#byopurpose – v FRANKLy

“Those who have a ‘why’ to live, can bear with almost any ‘how’.” ― Viktor E. Frankl, Man’s Search for Meaning

Last week I posted about work-life balance being dead and that the future was “bring your own purpose”. Ironically I didn’t get to finish the post because I had to pick the kids up from school. Welcome to my new life, making it all fit together!

On a personal note

I’m no pyschologist but I do know a bit about my own mind and what a force for good and bad it has been in my life. Like many people I never really gave much thought to my thoughts until they turned bad. Fortunately for me I understood the dangers of mental health and depression well enough to spot the signs and seek help and I was able to turn things around. But that was about making a bad thing good. In recent months I’ve been more interested in making a good thing better which led me to the field of positive pyschology.

So why am I so fixated about purpose all of a sudden? I’m not a religious person although I am definitely becoming more spiritual (there is a difference) and I am all the better for it. I should also be honest about the fact that I have not yet worked out my own ‘purpose’ so some might say its a bit premature to be spruiking the benefits. But that’s the beauty of it… to get the benefits of purpose you don’t actually have to have worked it out yet, you just have to be open to finding it. To accept that you have one and that everything you do is an opportunity to get closer to finding it.

“The two most important days in your life are the day you are born and the day you find out why.” ― Mark Twain

The alarming increase in mental health problems and the changing nature of work and indeed society are inextricably linked in my mind. We find ourselves increasingly struggling to reconcile the demands on the ‘faceless employee’ with the needs of the ‘individual person’. Those who are successfully bridging the gap are doing so with a very clear sense of purpose.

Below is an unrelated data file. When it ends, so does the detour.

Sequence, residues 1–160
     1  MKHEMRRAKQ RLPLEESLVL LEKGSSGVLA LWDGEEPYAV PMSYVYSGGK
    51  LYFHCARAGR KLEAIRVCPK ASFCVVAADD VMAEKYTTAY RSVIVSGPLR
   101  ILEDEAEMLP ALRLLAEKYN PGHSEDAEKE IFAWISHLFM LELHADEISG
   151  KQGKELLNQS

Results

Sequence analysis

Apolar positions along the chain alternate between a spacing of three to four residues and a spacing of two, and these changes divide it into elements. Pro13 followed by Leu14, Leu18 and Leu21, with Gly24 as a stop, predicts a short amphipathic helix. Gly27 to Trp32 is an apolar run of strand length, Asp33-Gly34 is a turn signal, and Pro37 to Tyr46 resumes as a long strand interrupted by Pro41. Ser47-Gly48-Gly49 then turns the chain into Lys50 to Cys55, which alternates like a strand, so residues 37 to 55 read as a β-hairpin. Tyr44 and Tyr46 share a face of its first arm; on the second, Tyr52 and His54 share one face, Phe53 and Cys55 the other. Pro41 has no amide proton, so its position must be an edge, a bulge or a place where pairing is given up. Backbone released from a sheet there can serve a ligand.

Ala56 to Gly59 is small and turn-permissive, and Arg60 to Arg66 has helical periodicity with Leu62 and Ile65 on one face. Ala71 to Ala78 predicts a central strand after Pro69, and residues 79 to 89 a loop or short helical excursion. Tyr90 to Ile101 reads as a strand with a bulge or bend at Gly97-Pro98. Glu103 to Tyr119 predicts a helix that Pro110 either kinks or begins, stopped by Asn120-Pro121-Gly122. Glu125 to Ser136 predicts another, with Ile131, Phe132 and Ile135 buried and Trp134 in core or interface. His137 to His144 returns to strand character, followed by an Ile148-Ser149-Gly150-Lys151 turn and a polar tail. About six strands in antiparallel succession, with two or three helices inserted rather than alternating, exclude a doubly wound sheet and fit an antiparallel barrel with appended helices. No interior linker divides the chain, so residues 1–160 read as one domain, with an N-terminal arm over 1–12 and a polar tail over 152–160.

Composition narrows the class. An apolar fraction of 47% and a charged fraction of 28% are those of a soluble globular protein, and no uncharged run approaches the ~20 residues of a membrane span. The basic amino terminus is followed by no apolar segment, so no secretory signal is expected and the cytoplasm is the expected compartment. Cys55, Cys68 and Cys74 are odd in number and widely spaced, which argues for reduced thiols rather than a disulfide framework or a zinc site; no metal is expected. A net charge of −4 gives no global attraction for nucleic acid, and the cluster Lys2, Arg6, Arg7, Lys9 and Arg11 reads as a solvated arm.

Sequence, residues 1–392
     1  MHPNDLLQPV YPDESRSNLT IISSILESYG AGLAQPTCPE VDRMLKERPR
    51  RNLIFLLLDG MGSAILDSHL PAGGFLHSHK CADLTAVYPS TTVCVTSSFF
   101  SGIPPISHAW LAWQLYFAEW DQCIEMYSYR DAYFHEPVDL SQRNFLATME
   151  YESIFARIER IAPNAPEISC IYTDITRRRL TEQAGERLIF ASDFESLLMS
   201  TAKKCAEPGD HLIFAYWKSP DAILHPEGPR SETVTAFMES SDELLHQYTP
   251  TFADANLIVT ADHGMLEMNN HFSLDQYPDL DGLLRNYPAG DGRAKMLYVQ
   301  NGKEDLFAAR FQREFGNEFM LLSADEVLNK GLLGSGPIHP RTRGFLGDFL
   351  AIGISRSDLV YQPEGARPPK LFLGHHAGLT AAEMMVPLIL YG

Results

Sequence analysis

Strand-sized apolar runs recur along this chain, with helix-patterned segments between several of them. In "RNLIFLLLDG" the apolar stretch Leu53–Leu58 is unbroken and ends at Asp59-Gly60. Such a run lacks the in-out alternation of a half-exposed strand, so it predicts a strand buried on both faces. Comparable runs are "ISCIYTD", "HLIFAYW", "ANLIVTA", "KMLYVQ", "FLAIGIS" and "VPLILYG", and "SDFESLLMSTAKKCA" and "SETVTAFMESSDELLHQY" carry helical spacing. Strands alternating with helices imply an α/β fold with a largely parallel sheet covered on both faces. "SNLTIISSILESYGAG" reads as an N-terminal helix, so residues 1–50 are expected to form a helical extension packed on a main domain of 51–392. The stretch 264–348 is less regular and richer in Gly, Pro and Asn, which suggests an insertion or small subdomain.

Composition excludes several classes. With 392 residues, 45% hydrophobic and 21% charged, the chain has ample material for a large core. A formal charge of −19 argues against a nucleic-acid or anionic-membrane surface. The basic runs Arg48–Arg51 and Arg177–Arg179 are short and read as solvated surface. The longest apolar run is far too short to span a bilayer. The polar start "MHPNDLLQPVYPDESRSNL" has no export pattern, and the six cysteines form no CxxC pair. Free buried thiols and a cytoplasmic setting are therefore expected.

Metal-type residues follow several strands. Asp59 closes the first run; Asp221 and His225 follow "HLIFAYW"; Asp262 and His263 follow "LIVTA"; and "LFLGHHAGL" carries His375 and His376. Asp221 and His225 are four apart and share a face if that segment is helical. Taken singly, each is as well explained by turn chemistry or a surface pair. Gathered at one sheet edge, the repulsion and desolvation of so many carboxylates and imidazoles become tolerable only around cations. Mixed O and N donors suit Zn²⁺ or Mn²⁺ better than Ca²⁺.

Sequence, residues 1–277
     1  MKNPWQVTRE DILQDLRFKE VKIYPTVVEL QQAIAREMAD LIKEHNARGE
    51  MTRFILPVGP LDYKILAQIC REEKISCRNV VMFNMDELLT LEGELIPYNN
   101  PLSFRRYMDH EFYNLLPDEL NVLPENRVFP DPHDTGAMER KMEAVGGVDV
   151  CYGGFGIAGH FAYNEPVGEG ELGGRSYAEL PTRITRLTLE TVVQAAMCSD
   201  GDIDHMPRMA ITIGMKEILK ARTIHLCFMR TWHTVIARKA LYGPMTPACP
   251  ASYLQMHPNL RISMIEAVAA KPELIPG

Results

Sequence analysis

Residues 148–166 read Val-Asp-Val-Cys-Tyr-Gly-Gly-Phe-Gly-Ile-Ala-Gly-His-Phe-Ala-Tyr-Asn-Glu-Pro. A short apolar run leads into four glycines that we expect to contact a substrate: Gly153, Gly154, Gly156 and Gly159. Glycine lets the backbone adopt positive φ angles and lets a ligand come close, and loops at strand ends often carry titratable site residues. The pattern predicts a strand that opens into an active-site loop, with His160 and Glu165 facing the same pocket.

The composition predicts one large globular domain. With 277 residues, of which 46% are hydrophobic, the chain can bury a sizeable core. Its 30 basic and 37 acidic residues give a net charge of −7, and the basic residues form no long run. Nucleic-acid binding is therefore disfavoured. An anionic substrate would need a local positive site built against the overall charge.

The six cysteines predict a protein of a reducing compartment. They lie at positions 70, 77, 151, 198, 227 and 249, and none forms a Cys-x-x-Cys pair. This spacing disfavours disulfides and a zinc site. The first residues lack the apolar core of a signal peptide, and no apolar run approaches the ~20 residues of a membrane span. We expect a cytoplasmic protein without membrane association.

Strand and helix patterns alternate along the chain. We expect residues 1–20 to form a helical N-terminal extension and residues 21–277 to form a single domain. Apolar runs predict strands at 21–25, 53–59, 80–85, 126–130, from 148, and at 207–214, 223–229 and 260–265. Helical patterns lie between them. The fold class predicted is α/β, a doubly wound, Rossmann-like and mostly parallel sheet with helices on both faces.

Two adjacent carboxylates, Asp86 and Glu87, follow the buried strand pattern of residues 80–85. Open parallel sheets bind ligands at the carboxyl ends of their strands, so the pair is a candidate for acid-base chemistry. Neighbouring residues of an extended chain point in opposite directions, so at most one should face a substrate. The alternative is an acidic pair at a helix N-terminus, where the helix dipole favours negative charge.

The independent worker needs to know their ‘why’ as well as their ‘what’

By 2020 more than half the US workforce will be independent contractors or freelancers according to research by MBO Partners. Unsurprisingly Australia is on a similar trajectory with a recent survey by Elance-odesk suggesting a third of Australia’s workforce already undertake some form of freelance work. The implications for ‘non-employees’ and by assimilation their traditional employee co-workers, is that the nature of their relationship with their ’employer’ is changing. They are trading security and structure for freedom and flexibility. They no longer rely on an organisation to provide many of the traditional employee benefits associated with work such as annual leave, sick leave, superannuation or pension plans and even tools of trade. We are increasingly making independent choices about how, when and where we work. And so too ‘why’ we work.

From byodevice to byopurpose

Ten years ago, even five years ago, it would have been unthinkable for employees to supply their own tools of trade such as laptops and mobiles. It was expected that your employer would provide you with what you needed to do your job and you would use whatever their IT or procurement department issued you on your first day. But the increasingly independent workforce combined with the rapid advancement of consumer technology driven by tech visionaries such as Apple and Google, has fuelled a ‘byodevice revolution’. People would rather forgo the ‘benefit’ of employer-issued technology to have the freedom to choose and bring their own device to work. If we no longer leave our technology choices to our employer, then we certainly should not trust them to provide us with such an important asset as our purpose.

The #byopurpose revolution has begun and is enabling changemakers, intrapreneurs, social employees, in fact any of us to find more meaning in our work and so integrate it more effectively with the rest of our lives.